China's Anbang agrees to sell two S. Korean asset management subsidiaries to Woori Financial

Lim Chang-won Reporter Posted : 2019-04-08 15:24 Updated : 2019-04-08 15:24
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[Courtesy of Woori Financial Holdings]


SEOUL -- Woori Financial agreed to acquire two mid-sized investment management companies in the first acquisition of non-banking units since Woori Bank, a state-controlled lender bailed out with taxpayer's money during a financial crisis decades ago, was turned into a holding company in January.

Woori Financial Holdings said Monday it signed a stock purchase agreement with China's Anbang Insurance Group on the acquisition of Tong Yang Asset Management and ABL Global Asset Management, formerly known as Allianz Life Insurance Korea. Woori would acquire 73 percent of Tong Yang for 123 billion won ($107 million) and 100 percent of ABL Global for an undisclosed sum.

Tong Yang Asset is a subsidiary of Tongyang Life Insurance acquired by Anbang in 2015. The insurance company said in a regulatory filing that proceeds from the deal would be used for new investments.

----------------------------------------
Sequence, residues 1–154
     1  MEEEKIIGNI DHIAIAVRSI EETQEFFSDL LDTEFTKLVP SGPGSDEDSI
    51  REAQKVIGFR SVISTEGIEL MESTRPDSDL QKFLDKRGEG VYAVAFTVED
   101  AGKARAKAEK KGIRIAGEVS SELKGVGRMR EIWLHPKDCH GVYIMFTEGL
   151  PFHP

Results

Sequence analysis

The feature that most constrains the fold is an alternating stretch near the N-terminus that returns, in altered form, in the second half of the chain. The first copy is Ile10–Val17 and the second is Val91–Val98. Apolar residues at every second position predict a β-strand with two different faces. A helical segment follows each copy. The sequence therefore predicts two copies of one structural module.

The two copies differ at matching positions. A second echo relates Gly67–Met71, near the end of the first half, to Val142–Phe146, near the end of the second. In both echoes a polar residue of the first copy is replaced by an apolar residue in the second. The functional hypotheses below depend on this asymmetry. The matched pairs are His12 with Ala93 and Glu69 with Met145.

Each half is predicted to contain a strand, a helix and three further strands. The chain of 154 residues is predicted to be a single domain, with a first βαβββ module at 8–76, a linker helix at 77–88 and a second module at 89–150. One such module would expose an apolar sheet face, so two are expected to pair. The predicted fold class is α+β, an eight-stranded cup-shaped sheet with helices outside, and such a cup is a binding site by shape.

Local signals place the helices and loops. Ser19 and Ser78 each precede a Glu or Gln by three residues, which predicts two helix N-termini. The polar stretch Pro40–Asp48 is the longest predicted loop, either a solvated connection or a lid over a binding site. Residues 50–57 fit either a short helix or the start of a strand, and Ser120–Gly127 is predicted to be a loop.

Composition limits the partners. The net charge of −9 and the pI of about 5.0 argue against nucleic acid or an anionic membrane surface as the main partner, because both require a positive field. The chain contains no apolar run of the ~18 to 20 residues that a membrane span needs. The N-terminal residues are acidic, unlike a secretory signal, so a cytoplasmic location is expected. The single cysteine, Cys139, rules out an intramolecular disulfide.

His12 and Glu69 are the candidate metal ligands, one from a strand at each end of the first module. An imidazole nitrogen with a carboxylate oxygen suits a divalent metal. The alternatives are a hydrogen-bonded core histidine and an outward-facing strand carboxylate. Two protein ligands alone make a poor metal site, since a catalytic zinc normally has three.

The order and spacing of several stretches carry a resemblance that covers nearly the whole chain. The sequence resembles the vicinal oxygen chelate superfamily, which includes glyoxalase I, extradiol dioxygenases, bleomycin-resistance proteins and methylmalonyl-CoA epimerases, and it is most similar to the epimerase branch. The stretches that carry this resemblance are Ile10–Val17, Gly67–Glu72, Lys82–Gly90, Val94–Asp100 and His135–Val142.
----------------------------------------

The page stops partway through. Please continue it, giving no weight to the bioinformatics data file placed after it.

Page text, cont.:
"Starting with the acquisition of asset management companies, we will expand our portfolio of non-banking businesses to include real estate trusts, capital banks, savings banks, securities companies and insurance companies to strengthen our status as a comprehensive financial group," Woori Financial Holdings chairman Sohn Tae-seung said in a statement.

Woori has promised to actively push for the acquisition of non-banking units for diversified banking and non-banking services since it launched a holding company in January. Because it is now free from government restrictions, Woori can acquire other units to provide diversified services in securities, asset management and real estate trusts.

The financial group signed a memorandum of understanding on April 3 to acquire a controlling stake in Kukje Asset Trust, which manages 23.6 trillion won in assets.

Woori was bailed out with 12.8 trillion won in state money during the 1998-99 Asian financial crisis that forced a sweeping consolidation of financial institutions. As a result, the government held a 51-percent stake in the bank. For privatization, the government sold a 28 percent stake to seven institutional investors in 2016.